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by: Rabbi Yechezkel Khayyat
The Gemora introduced the concept of workers who carry heavy bundles. Since they need to stay in shape for such strenuous work, when they are idle, it is a loss for them, and therefore an employer must pay them full wages even for idle time.
The Rosh (3), as well as other Rishonim, apply this to Torah teachers. If one hired a Torah teacher for his son, but the son fell ill, the employer must pay the Torah teacher his full wages. When a Torah teacher does not teach, this leads him to forget his knowledge, and not be as sharp as when he is teaching. Therefore, idleness is a loss for him, and he gets paid full wages.
The Ashri Notes questions this Rosh, and states that if the teacher is not employed to teach, this does not preclude him from still learning, to hone his knowledge and intellectual skills.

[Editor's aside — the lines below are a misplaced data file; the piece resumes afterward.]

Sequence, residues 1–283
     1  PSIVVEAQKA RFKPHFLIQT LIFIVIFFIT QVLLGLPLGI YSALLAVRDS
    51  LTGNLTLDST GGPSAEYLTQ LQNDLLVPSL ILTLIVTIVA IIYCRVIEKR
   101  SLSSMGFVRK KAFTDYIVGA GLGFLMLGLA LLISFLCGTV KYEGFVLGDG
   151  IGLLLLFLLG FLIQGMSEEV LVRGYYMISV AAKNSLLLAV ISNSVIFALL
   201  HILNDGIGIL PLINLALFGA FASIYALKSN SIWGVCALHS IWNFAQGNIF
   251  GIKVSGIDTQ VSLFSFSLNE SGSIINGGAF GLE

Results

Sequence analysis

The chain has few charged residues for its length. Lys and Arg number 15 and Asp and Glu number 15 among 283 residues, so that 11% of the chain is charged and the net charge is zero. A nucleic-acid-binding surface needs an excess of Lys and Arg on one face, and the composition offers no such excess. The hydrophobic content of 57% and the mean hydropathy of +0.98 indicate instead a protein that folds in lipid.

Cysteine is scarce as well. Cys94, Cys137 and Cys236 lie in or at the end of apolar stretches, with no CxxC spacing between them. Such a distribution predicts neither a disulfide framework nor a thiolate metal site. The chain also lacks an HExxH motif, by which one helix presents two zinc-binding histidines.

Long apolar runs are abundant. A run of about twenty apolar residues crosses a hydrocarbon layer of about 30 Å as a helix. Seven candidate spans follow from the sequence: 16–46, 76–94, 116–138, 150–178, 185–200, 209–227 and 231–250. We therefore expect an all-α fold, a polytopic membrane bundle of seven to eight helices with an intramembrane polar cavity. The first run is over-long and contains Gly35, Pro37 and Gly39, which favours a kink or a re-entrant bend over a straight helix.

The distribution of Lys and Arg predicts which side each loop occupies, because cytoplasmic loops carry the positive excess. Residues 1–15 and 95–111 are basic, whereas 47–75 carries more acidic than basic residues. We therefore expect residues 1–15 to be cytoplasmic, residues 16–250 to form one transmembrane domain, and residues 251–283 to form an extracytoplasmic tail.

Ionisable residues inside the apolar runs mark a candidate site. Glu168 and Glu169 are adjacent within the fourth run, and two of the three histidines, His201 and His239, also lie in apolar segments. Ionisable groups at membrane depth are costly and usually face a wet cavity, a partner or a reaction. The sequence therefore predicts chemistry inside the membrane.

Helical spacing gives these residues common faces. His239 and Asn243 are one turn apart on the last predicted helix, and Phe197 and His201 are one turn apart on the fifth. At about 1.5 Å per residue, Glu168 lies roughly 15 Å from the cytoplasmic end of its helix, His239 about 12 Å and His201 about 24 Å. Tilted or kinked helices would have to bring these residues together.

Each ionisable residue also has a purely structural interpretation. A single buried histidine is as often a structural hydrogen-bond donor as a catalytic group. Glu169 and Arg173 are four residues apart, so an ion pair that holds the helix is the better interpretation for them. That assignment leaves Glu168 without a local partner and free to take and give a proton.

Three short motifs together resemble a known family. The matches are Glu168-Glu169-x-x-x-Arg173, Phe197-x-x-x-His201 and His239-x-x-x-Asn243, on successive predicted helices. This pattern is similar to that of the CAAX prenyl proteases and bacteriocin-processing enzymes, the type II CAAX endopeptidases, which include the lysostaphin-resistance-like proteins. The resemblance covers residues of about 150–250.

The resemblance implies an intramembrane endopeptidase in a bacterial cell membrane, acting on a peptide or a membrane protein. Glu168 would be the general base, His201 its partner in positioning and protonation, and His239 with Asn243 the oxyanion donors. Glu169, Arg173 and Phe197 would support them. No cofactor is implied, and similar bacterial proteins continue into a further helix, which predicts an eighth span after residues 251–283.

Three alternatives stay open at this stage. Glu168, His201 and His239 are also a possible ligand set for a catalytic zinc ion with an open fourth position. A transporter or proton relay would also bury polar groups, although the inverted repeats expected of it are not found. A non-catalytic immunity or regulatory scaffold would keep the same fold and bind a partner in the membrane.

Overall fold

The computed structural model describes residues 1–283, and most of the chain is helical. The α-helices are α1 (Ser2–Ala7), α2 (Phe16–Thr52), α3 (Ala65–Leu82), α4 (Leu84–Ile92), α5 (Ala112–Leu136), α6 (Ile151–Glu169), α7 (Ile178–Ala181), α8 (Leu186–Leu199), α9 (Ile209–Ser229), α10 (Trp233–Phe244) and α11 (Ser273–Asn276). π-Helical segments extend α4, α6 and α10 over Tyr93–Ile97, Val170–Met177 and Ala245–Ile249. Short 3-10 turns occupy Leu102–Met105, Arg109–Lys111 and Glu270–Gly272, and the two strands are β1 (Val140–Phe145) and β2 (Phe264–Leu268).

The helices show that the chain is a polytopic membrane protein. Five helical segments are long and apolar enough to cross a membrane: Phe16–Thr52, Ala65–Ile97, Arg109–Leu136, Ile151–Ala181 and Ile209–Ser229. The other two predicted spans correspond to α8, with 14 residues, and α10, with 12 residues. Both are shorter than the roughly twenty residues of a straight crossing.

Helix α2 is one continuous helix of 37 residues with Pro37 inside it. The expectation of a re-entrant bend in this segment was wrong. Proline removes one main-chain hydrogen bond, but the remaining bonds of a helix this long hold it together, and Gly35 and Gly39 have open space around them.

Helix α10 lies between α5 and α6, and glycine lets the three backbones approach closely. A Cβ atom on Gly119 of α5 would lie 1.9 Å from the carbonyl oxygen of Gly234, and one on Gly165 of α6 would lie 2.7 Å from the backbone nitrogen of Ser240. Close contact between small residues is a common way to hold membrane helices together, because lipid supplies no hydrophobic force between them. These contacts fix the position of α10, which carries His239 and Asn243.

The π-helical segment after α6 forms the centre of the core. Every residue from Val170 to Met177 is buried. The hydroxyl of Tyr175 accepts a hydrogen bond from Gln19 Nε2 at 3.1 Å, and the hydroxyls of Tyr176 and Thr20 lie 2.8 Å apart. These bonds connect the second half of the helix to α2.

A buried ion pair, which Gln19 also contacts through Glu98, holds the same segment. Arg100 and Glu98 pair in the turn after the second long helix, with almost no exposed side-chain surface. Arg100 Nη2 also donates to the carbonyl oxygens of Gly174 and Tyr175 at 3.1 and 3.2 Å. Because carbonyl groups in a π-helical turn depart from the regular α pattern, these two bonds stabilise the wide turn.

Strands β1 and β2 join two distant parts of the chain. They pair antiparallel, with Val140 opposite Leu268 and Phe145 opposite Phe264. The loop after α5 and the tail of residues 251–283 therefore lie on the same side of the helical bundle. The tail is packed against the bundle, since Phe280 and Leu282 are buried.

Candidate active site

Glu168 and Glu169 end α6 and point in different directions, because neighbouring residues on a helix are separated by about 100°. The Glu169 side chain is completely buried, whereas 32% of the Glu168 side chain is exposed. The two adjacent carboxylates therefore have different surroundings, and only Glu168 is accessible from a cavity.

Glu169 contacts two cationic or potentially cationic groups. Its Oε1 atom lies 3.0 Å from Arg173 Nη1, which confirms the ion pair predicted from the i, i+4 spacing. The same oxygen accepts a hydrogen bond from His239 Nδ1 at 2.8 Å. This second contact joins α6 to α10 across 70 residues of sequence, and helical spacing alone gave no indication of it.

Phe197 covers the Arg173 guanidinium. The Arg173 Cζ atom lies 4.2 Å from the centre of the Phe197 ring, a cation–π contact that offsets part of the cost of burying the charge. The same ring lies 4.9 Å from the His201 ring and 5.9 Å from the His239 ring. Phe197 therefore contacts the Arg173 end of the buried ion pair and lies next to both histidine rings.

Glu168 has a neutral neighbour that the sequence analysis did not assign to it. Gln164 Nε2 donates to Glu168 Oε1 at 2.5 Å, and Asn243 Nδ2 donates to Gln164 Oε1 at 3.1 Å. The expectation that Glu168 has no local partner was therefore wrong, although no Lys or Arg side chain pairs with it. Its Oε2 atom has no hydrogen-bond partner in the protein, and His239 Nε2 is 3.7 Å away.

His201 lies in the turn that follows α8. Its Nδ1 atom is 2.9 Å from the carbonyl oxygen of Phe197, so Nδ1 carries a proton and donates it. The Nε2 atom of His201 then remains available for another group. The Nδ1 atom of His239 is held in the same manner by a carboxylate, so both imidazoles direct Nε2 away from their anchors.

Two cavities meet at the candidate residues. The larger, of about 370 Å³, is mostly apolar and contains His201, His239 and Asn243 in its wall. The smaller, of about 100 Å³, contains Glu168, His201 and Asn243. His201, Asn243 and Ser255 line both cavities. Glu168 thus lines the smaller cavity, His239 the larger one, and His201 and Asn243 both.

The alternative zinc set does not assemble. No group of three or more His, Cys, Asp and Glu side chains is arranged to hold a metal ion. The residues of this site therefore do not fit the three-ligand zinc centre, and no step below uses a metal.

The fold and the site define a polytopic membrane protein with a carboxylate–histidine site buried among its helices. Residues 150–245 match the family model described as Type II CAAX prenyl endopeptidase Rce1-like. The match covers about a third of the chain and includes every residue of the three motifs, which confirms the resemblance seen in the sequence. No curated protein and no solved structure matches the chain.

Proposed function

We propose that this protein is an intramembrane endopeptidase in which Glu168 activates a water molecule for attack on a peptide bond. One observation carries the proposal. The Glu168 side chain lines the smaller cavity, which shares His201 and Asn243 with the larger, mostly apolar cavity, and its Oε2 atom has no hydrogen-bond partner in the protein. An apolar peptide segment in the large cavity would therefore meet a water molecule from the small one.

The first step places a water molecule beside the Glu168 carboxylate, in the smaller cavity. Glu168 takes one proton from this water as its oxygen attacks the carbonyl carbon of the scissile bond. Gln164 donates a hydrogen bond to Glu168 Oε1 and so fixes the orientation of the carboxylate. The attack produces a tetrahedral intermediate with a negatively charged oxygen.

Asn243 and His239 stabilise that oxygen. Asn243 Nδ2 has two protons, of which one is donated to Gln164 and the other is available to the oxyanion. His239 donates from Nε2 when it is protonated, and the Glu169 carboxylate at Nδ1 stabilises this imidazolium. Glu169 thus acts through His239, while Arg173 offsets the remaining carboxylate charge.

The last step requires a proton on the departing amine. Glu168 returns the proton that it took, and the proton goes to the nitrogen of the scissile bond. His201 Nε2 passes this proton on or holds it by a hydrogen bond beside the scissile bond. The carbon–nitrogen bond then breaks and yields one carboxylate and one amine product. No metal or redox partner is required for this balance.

However, the Pilpula Charifta (10) explains that the work involved – and consequent sharpening of knowledge and skills – increases when one has a student, compared to one who learns on his own. If the employer can provide the teacher with a similar student, he must teach him, but if he does not, his own personal learning does not adequately replace the loss of not teaching.
The Tur (HM 334) rules like this Rosh. The Shulchan Aruch (HM 335:1) also follows this Rosh, but the Rama adds that if the court sees that this teacher is pleased by not having to teach, he is not paid his full wages.